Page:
Shorten your hamstring strain injury recovery time

Hamstring strains are notoriously difficult to heal and are one of the most common injuries within sports that require high-speed running. At the amateur level 16% of athletes will experience a hamstring strain injury (HSI) in a given season, 22% at the elite level. If you have a hamstring strain injury (HSI) high powered laser therapy can dramatically shorten your recovery time 

With the standard return to play policy (RTP) of 11-25 days post HSI there is a documented 25% recurrence of injury at the same location within the first seven days. There is an additional 9% of reinjury over the duration of the same sport season. A four-week recovery period for grade 1 and grade 2 hamstring strains has the lowest rate of recurrence in the same sport season and is biologically sound. It takes into account the full biological process of tissue repair, summarized below. Unfortunately, for many athletes, taking four weeks off would prevent desirable team commitments, sponsorships, or favorable contracts. 

High powered laser therapy dramatically reduces the HSI recovery time by modifying the biological processes of tissue repair. 

There are four phases of tissue repair after an injury like a hamstring strain. Muscle degeneration and inflammation, muscle regeneration, scar tissue formation, and tissue remodeling. This process takes a minimum of 28 days. It can take longer depending on the unique physiology of the injured person. 

A high powered (or class IV laser) speeds up the body’s natural repair process. After 3 days of daily low level laser exposure (50 milliwatts, equivalent to .05 watts) muscle cells showed a 144.7% increase in proliferation due to increased mitochondrial activity, an increased production of type III collagen fibers, and a 5x increase in type I collagen fibers. Why does this matter?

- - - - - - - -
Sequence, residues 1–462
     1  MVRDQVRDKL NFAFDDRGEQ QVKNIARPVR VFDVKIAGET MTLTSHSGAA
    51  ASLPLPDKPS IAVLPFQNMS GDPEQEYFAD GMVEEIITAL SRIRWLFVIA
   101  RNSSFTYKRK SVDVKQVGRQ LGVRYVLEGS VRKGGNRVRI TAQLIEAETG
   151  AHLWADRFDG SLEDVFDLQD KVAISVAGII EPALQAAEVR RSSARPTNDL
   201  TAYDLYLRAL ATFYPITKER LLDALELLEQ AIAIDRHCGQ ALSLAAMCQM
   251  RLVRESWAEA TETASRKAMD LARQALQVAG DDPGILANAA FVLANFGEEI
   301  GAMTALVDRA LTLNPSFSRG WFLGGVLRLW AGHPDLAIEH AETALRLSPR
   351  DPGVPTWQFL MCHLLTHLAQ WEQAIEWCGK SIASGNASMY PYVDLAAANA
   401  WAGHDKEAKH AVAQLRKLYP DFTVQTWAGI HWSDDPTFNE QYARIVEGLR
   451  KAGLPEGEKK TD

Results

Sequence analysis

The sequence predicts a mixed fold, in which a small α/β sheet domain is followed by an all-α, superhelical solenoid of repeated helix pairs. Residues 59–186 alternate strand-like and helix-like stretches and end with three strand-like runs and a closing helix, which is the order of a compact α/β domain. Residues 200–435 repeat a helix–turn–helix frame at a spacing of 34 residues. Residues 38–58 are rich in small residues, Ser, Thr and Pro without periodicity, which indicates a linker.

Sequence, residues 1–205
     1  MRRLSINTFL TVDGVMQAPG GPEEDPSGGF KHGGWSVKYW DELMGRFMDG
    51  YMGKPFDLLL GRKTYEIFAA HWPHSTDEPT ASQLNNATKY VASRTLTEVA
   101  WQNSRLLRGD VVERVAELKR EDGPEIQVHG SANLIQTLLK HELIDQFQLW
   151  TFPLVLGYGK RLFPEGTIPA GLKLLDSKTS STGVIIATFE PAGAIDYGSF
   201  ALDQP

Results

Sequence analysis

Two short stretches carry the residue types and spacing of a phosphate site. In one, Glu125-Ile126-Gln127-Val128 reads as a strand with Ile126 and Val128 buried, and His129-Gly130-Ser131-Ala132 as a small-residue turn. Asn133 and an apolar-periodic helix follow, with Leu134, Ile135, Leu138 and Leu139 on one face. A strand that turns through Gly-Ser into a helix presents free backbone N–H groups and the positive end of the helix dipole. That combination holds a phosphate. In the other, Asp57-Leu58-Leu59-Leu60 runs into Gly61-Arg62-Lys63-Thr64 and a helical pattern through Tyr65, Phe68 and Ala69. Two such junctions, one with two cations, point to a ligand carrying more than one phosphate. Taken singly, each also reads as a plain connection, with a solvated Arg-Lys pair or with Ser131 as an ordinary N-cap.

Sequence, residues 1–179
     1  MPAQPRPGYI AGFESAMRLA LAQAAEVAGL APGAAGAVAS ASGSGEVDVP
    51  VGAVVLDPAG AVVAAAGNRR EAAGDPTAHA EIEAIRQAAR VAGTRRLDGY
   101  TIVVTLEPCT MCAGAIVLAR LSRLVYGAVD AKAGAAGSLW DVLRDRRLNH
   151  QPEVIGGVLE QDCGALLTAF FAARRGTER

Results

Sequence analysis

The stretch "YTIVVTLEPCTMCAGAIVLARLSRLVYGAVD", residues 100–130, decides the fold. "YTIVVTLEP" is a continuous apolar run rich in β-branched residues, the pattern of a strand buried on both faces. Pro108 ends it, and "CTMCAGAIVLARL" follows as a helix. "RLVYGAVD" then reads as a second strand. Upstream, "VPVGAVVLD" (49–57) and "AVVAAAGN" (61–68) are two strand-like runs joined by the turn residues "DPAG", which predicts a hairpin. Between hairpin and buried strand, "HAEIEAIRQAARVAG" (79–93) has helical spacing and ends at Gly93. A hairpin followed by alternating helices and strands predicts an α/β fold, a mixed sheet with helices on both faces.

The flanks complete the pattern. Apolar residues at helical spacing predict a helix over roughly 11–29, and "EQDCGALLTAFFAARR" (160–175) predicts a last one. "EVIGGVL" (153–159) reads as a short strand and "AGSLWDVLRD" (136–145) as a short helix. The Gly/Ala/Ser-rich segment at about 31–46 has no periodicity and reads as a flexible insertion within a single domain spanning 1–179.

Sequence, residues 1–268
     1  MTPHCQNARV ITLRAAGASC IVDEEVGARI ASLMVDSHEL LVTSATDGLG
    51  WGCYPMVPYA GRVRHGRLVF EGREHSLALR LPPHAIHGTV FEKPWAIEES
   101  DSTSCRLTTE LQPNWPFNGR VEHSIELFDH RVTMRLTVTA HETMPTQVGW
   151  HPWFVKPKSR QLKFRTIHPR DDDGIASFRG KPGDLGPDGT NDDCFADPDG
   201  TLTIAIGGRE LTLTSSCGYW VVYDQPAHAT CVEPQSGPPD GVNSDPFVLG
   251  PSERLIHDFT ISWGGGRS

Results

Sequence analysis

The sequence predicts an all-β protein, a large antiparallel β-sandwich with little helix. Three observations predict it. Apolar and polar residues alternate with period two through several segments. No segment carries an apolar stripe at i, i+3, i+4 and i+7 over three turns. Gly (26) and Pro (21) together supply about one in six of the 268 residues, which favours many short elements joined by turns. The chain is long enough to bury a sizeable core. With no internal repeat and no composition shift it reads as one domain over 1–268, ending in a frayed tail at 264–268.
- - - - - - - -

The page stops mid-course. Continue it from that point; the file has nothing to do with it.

In the muscle degeneration phase the gap between the two ends of muscle fiber tears fills with blood creating a hematoma. The torn fibers die and release biochemicals which create a local inflammatory response and in turn attract immune cells to the injury site. 

In the muscle regeneration phase, roughly a week post injury, the ruptured muscle and nerve fibers begin to regrow. 

Then, connective scar tissue begins to form a bridge between the torn sections. The immune system breaks down the hematoma. The body uses this blood to form fibrin and fibronectin, two tissue types which form an anchoring matrix for scar tissue. Then the body lays down elastic proteins within this matrix, like tenascin-C. These base layers of the scar tissue matrix provide low level tensile strength but nowhere near enough to withstand full force contraction. The body produces type III collagen next, it has a much smaller diameter and lower tensile strength than type I collagen. The type III fibers lay the matrix for the stronger type I and are a necessary component of the muscle structure. At this stage of repair the body is capable of bearing load but the tissues are still inferior to fully remodeled muscle fiber.  Once the body has laid the type III collagen fibers type I collagen fibers can increase in size and form mature cross-links. This is when the mechanical strength of the muscle tissue returns and in a typical healing scenario does not begin until 3 weeks post injury. 

This is where the laser becomes important. Because laser exposure increases cell activity and production of the type III and type I collagen fibers, proper integration of laser therapy can potentially shorten the healing duration of a strain by more than 50%. 

Most laser therapy research is conducted with low level lasers. This can be due to budget restrictions or technology access. The quoted data above (the 144.7% increase in cell proliferation) was found using a .05 watt laser. The Novos laser can go up to 15 watts, this is 300 times more powerful. 

Time is of the essence. The sooner you can begin laser exposure after an injury, the better the results. By pairing laser therapy with individualized exercise stimulus Novos athletes have successfully returned to play with no reinjury in two weeks.

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